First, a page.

Our first Island-wide beach cleanup is planned for Saturday, September 17, in Coordination with the Coastal Conservancy's International Coastal Cleanup. We are one of many events going on around the world that day to bring awareness to marine debris and the importance of keeping our oceans and shorelines free of toxic and harmful trash. For more information and to sign up to participate, please visit the Sustainable Bainbridge Event Website.
You can dispose of expired and not needed medications at the police department on April 30 from 10am to 2pm. Read the City's press release with more details about the event.
The Watershed Council is strongly supportive of any efforts to properly dispose of medication. We should never flush medications down the toilet where they can enter our sewer or septic systems. Most pharmaceuticals are not addressed in any way in our sewage treatment systems; unfortunately we have plenty of evidence of this, including a recent study showing a wide range of pharmaceuticals detected in puget sound waters and fish tissue.
On September 15, approximately 30 participants braved less than stellar weather to attend the Walk your Watershed: Eagle Harbor Edition! Attendees circumnavigated North Eagle Harbor, learning along the way about storm water, salmon and their food, our City's Wastewater Treatment Plant, native and invasive plants, and shoreline ecology, geology and bird life.
Watershed Council gives a huge thank you to Rose Eppers for organizing the walk, and to volunteer experts Cami Apfelbeck from the City of Bainbridge Island's water resources program; Greg Geehan, geologist, Regina Spoor, ornithologist, Deb Rudnick, aquatic ecologist; Jeannette Franks and Jeanne Huber for their invasive and native plants expertise; Wayne Daley, fish biologist; Steve Pyke and staff of the Wastewater Treatment Plant for opening their doors and providing tours of the plant; and Beach Naturalists Maradel Gale, Jean Hannuksela, and Gerlind Jenkner.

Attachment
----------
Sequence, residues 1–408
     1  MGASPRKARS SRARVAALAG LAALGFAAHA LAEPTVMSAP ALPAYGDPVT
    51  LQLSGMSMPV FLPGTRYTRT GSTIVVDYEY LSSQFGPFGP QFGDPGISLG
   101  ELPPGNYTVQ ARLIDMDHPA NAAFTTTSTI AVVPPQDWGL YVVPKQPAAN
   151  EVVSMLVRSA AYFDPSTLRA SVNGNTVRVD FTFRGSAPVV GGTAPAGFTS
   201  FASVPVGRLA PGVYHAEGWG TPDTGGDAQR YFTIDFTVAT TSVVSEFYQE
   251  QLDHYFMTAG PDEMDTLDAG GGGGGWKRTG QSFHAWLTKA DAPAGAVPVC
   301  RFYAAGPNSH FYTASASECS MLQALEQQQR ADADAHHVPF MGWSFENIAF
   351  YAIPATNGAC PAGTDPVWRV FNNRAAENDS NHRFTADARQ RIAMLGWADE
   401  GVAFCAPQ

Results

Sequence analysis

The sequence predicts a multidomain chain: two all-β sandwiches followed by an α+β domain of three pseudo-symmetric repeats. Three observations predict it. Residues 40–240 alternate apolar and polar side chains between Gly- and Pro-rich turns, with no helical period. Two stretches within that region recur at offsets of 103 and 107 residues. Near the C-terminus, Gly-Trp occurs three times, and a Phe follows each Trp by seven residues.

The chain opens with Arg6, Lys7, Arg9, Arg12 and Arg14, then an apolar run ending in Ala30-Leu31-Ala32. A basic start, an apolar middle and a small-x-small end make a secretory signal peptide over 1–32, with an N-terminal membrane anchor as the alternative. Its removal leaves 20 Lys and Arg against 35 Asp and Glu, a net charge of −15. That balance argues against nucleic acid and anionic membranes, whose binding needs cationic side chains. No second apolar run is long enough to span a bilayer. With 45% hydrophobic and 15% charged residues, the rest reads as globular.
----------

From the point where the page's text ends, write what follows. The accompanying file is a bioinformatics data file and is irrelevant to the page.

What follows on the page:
Yes folks, its that time of year again! With the return of the fall rains, our salmon are swimming back to their spawning streams, and this is a great time of year to go see live fish!
Bainbridge Island is unfortunately not an ideal salmon watching venue. We have very small streams, mostly on private properties, with very small salmon runs so that your likelihood of seeing a salmon if you're making a quick stop is pretty low. Fortunately, there are several streams a short distance away on the Kitsap Peninsula that are great for salmon viewing and have public access and significant enough runs to make salmon viewing at the right time of year a likely success. Here are some links to upcoming viewing opportunities and spots - we'll post more as they become available.
The Kitsap Sun's salmon map: Please note comment above that the streams on Bainbridge noted on this map have limited public access and very small salmon runs- but its of course worth a try to see if you can find some of our local returners!
Chico Creek Salmon Tour, November 14
Sunday, September 13
Walk begins at Waterfront Park (see map below)
Walk your watershed is back for 2015! Walk/Bike your watershed events are regularly hosted by the BI Watershed Council and are a great way to learn more about our Island's watersheds.
This year we will be exploring the North Eagle Harbor watershed. Participants are invited to start this approximately 2-mile roundtrip walk at Waterfront Park beginning at 10am or later (but don't delay too long- see below for special touring opportunities!). The walk will take you across Ravine Creek to learn about storm water and streams, up past the Ferry Terminal and down past the City's Wastewater Treatment Plant -more on that in a moment. After the treatment plant the tour will take walkers past Hawley Cove Park and along the beach to learn about our shoreline ecology, invasive plants and local geology.